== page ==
We’re not meteorologists or soothsayers, so we’re not going to speculate as to whether this year’s spring severe weather season will rival last year’s in intensity, destructiveness and loss of life.

Things have fired up early and quickly, though. A series of tornadoes in January and February killed 15 people. The March 2 brutal outbreak that ravaged the U.S. heartland killed at least 37 people.

Some folks who survived the storms physically may have lost everything they have materially. We’re sure the federal government and the states involved are marshaling their resources to help, but that can be a frustrating and ultimately unsatisfying process. Ask those who still are dealing with the wreckage of April 27, 2011.

Much cleanup and rebuilding ends up being done by volunteers — and that’s where “disaster junkies” come in.

The word “junkie” makes us flinch a bit because of its negative connotations, but those quoted in an Associated Press profile of the group expressed pride in the label. They pleaded guilty to being “addicted” to helping people in need, without desiring anything in return except personal satisfaction.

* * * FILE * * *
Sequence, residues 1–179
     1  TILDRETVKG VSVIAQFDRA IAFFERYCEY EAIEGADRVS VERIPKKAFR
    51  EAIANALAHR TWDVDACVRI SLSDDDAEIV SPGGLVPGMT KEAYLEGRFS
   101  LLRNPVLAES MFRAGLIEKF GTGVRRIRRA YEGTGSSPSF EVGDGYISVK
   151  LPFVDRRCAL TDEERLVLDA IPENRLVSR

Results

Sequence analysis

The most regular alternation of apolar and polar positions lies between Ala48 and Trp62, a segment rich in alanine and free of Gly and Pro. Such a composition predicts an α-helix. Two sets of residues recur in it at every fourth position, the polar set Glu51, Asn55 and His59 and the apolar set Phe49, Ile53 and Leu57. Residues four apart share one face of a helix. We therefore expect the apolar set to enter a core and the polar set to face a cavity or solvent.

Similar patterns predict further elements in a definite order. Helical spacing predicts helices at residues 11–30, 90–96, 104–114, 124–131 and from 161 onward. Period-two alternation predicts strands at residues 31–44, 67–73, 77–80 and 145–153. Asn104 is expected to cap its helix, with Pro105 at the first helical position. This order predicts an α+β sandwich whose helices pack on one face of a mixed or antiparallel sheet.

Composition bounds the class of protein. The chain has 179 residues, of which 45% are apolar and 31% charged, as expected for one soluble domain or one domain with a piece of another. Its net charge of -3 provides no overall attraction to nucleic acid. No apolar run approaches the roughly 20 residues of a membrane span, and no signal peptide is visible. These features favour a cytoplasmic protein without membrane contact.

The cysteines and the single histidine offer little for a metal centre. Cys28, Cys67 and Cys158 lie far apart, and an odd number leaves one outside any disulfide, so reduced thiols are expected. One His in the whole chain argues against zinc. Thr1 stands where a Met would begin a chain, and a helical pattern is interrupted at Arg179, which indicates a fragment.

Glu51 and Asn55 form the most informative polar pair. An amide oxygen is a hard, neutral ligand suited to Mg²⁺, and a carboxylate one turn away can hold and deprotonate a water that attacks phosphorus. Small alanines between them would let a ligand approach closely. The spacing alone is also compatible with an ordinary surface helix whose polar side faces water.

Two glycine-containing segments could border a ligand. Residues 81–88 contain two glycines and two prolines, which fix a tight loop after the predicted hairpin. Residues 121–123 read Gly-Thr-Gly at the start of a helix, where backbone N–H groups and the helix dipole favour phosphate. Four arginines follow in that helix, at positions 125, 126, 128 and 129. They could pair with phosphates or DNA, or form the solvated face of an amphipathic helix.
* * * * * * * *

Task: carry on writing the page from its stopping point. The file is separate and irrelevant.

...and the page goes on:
No one knows for sure how many “disaster junkies” there are, whether a few hundred or a few thousand, but they turn out when called and do whatever jobs are tossed their way, whether it’s cleaning up wreckage or rebuilding entire neighborhoods.

Because they’ve done it so much, they bring a level of expertise to disaster situations that well-meaning first-time volunteers lack. They don’t have to ask “how can I help?” — they know the answer.

We’ve often touted the concept of looking out for our neighbors. “Disaster junkies” aren’t just talking about it, they’re doing it.

— The Gadsden Times,

Alabama, March 5

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